As a 51 year old who has worked in communications and marketing for 23 years, I am ashamed to admit how little I know about social media. And it is cold comfort to know I am not the only communications professional to find herself in this boat.
I am one of those PR/marketing types who subscribes to the school of “everything is marketing,” from the sign outside your shop to the way you answer the phone to your YellowPages listing (snicker). So for me to lack a command of social media is embarrassing, to say the least. Career limiting, you might say. Clearly, this has to change.
So this is where I am right now.
Websites. The grand-daddy of social media. Websites I get. I developed my first big website in 1996, and my second in 1999. Many more have followed. Websites are about words. They’re about logic. They’re about content and links to other, related content. With a few great pictures tossed in. And by 2001, I had even managed to grasp the [now] obvious benefits of advertising on other organizations’ websites—organizations that were popular with and followed by my audiences/publics/segments, whatever the hell you want to call ‘em. Thanks to my ex-husband, I developed a rudimentary understanding of SEO (aka search engine optimization for my fellow Ludites) early on. Just don’t ask me about Google Panda, ‘cause I got nothing to say. Yet.
E-mail. One of my true loves. Direct mail without all those envelopes, labels, and stamps to lick. Why god created Blackberries. That and texting, which I reserve for communicating with my teenagers [insert eyeroll here]. I am relieved to hear e-mail is alive and well as a marketing and communications tool. What I need to learn is how to tie it together with everything else.
Facebook. That’s where I go to share funny pictures, good jokes (especially jokes about language, pr, and marketing), and to comment on, and share, news stories I find interesting. With my FRIENDS. You know, people with whom I am well acquainted. But use it for work. Not a clue. This . . . must . . . change.
YouTube. I really enjoy watching videos of animals doing ridiculous things. Yup. I’m one of THOSE people. Obviously, I do realize that businesses and causes exploit YouTube to great effect. Something else I need to get my head around.
LinkedIn. 64 connections and counting. Pretty good profile, if I do say so myself. Nice headshot. I do work in PR after all. Pretty soon I hope to start using it as something more than a place to park my cv.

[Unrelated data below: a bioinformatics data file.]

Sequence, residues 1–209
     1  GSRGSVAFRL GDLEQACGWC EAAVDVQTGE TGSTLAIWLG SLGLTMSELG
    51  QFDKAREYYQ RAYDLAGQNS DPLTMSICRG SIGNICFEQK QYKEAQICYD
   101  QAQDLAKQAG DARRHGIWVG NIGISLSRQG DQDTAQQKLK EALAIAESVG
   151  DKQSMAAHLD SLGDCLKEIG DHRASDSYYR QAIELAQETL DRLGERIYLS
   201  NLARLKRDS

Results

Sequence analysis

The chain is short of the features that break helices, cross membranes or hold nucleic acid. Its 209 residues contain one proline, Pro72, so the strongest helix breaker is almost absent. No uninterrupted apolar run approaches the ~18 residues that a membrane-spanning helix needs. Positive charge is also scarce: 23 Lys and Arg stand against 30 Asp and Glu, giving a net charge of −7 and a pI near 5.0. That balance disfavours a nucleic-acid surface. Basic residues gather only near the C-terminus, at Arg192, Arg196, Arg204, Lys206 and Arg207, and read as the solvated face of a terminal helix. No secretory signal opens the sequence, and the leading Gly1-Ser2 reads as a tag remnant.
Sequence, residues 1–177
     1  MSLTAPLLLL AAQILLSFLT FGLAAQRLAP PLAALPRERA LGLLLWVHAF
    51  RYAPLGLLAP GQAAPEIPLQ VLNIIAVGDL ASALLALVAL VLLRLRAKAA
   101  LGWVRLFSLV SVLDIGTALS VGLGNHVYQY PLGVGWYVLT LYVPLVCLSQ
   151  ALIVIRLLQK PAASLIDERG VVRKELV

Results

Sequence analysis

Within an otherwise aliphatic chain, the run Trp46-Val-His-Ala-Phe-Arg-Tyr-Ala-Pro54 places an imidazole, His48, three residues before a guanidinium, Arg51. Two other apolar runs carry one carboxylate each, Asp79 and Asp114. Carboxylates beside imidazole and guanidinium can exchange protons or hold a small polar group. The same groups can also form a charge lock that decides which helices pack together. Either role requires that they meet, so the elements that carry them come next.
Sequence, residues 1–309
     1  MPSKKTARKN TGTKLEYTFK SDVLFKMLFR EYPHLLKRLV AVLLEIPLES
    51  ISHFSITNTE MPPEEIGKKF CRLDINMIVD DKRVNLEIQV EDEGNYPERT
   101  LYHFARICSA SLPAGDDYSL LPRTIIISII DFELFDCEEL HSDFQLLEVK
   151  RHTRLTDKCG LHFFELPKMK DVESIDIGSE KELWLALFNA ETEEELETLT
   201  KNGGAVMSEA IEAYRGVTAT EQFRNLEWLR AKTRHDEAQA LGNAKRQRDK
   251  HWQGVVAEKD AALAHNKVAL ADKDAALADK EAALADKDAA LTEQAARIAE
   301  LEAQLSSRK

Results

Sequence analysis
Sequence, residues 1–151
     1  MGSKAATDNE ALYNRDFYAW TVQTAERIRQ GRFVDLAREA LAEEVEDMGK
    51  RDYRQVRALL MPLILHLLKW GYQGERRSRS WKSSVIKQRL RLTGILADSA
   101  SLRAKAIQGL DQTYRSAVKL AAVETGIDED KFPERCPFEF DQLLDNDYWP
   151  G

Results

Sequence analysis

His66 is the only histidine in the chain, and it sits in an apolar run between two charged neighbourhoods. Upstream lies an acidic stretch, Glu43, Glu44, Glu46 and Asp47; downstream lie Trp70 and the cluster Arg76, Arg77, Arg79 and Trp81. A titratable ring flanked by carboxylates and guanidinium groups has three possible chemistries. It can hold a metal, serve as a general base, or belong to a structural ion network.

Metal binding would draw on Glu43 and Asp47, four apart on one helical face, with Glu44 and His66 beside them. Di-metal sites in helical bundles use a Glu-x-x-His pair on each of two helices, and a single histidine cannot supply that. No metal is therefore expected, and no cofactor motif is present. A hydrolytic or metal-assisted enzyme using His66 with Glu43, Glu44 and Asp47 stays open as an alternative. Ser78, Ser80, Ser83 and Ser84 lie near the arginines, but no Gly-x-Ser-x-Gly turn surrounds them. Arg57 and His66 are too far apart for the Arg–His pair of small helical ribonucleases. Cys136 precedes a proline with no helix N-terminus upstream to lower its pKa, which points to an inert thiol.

Twitter. I know Lady Gaga (20+ million followers) and Justin Bieber (18+ million followers) are the people to beat! That’s the competitive, marketing type coming out in me. I’ve signed myself up for a twitter account. I follow a company, and I had (please notice the tense) a follower. Years ago when I decided to set up a personal e-mail account, I used my somewhat unusual maiden name email@example.com. This is the e-mail address I used for my twitter account. Based on my e-mail address (how do they do that?) I acquired my one-and-only follower @YouGotCheatedOn. Today I will start following people. Tomorrow, perhaps someone will follow me.
Pinterest. Got an account there, too. Figure I’m going to post the memes I like from www.icanhascheezburger.com on Pinterest. Duh. Thanks to my thirteen year old for explaining what a “meme” is. Suspect this will be the last tool I add to my professional kit.
And that leads me to blogs. I don’t blog. Even more embarrassing, I don’t read other people’s blogs with the exception of two great Newfoundland and Labrador blogs, “John Gushue Dot Dot Dot” (www.johngushue.typepad.com) and Ed Hollett’s “The Sir Robert Bond Papers” (www.bondpapers.blogspot.com). How old am I? I’m so old my second version of the CP Stylebook makes no reference to blogs. I read books and magazines (and not, for the most part, the serious variety that improve your mind). I watch and read and listen to news, mostly the real kind. I read all kinds of stuff about marketing and communications. I even read some websites. But I don’t understand why people blog or why people read blogs. Now it looks like I’m going to have to eat those words – and post them. So here I am. And here you are.
As the 100th anniversary of the Titanic approaches (www.receivingtitanic.com), I am determined not to go down with the ship. I figure I have at least 15 good years of work left in me, so would somebody please throw me a life buoy.
There’s the rub. Nobody’s going to throw me a life buoy. Instead, I fear I’m going to have to build myself a nice, cushy social media raft.
So this blog is about that journey, a journey to discover how to master social media as a set of tools and integrate them with all the other marketing and communications tools in my possession. I’m hoping some of the old hands – the masters of these tools—will throw me an occasional lifeline. And I hope I can be of some help to others who relate all too well to my little diatribe, those who want and need to make this trip themselves, the trip to communications in the 21st century.
So from here on in I promise a lot less personal revelation and a lot more simple, concrete suggestions for how those of us with our feet stuck in the 20th century can sink our teeth into the 21st.